An Undercover Classic
As we near the end of January we, without a huge amount awareness are also approaching the celebration of ‘Orwell Day’. This inaugural day is being launched by Penguin Books to mark the death, and influence of the momentous author who died on 21st January 1950. To ground the anniversary Penguin have released new editions of Orwell classics, designed by the hugely talented and wildly enviable David Pearson. Amongst a wealth of beautiful design work Pearson has created for Penguin, now adding to this repertoire, is this varied updated collection. Notably, and the cover which has inspired this entry is for Nineteen Eighty-Four. Although it’s approach is clearly concept driven, it wholly portrays, relies and is balanced upon its process. In such a visually saturated environment of current times, where information is, and is expected to be at it’s most accessible, this is a somewhat radical and opposing move. Perhaps, this in itself is the draw from a designers perspective, the understanding of how many hurdles this must have incurred to get to this point. As quoted in Creative Review’s article Pearson says:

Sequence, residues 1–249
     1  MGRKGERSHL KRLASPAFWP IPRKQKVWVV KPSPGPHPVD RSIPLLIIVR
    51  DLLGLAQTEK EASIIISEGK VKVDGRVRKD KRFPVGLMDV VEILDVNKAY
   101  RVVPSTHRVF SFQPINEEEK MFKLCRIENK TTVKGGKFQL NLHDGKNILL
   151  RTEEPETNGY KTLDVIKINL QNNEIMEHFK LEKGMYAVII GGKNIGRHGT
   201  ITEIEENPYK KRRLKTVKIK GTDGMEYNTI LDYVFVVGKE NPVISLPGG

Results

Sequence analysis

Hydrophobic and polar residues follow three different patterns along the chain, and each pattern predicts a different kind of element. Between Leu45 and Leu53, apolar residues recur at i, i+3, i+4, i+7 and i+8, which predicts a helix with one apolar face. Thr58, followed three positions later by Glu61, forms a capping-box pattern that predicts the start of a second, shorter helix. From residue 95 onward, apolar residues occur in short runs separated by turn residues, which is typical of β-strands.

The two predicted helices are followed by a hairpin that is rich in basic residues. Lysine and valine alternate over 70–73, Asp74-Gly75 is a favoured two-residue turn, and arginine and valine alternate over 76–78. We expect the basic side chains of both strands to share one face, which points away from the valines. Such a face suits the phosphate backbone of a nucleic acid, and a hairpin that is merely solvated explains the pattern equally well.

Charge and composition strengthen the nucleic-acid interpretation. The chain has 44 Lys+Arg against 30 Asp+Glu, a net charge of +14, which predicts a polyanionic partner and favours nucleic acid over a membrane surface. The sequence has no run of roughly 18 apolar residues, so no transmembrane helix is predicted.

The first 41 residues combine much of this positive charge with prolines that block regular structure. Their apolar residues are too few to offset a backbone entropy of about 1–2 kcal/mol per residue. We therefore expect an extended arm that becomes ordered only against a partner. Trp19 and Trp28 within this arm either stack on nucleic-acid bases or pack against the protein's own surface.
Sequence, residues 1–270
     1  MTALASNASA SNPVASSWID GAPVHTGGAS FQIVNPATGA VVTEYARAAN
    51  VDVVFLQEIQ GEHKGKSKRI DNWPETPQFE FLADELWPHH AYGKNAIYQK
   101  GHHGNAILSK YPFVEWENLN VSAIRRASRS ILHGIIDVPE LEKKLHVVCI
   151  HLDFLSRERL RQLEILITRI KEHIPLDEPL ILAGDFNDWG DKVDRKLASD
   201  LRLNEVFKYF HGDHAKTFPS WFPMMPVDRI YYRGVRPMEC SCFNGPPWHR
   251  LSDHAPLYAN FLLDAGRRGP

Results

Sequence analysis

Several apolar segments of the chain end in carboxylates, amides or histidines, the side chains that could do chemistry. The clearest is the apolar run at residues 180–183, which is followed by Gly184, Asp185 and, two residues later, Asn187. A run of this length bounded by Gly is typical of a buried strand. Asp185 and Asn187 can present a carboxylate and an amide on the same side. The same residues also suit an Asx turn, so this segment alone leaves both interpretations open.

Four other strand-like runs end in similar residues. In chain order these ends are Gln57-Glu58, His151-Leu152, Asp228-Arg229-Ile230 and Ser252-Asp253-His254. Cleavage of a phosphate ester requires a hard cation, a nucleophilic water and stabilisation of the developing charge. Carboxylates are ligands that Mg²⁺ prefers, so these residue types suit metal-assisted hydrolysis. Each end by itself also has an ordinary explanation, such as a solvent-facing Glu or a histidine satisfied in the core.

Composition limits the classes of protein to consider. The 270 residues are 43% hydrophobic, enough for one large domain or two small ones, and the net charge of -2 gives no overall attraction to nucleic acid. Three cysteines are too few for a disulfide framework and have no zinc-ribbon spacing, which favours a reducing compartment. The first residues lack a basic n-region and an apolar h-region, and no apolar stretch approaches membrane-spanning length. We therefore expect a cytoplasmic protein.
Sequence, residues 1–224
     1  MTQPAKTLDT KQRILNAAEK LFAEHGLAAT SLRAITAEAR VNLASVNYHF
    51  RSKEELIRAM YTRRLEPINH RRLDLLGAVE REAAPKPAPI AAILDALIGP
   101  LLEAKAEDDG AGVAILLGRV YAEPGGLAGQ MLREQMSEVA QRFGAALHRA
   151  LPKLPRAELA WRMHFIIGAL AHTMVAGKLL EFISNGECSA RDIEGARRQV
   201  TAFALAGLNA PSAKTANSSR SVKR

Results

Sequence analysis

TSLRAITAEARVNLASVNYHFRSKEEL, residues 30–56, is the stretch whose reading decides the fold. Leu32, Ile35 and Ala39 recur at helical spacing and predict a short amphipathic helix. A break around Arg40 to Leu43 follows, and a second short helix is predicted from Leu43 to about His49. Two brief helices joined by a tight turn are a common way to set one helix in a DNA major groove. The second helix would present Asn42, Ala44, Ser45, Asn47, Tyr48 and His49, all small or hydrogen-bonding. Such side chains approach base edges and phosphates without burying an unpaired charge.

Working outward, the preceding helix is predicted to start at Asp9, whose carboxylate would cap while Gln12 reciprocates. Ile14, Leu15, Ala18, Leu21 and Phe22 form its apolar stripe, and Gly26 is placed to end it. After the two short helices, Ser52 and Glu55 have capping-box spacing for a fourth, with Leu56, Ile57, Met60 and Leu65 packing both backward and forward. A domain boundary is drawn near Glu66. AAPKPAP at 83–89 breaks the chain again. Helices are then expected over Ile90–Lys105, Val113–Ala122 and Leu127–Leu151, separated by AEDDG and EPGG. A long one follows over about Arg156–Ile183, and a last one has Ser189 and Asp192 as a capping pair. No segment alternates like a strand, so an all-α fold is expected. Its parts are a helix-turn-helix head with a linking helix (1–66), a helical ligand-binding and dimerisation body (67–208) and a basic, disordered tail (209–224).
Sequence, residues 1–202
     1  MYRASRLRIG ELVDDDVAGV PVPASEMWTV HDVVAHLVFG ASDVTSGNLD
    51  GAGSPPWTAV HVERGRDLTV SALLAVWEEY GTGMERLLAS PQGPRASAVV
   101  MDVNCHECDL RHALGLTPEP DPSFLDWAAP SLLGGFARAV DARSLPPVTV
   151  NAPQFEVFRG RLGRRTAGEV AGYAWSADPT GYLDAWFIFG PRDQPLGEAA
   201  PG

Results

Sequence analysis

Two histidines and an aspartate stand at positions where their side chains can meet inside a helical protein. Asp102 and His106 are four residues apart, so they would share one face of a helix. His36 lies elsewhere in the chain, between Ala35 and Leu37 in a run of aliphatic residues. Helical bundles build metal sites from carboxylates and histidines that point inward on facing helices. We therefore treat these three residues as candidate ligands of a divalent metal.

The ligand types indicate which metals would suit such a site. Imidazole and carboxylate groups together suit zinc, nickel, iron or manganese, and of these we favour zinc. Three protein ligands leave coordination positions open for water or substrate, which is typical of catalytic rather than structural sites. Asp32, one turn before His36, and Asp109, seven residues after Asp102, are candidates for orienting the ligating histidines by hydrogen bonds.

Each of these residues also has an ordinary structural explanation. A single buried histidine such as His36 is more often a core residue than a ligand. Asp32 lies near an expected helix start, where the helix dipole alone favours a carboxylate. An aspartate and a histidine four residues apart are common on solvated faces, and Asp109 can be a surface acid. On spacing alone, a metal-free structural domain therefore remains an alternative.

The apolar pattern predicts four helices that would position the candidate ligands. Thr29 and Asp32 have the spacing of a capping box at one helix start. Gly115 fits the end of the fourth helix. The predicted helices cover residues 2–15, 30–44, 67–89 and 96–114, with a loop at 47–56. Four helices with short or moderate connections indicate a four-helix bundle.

“It’s obviously the risk-taker of the series,” says Pearson, “and I can be very grateful to Jim Stoddart, Penguin Press’ art director, for safeguarding its progress in-house. It takes a fair bit of confidence to push something like this through and I can only assume that Jim had to deal with the odd wobble.”
The decision of concealing and obscuring the title of the book through the use of debossing then foil blocking the typography, actually achieves the opposite effect of obstruction. The creation of something which is not only visually beautiful, but also contains the element of intrigue works in its advantage to attract. From this point of view it is understandable that Penguin were content in putting the design forward. Perhaps this sort of attitude to design and print processes, is one which we will be seeing more of as print and tactility have been gradually reseeding. As this approach is becoming a rarity, perhaps it is one we will return, and navigate towards as a refreshing aesthetic from an evolution of daily visual clutter.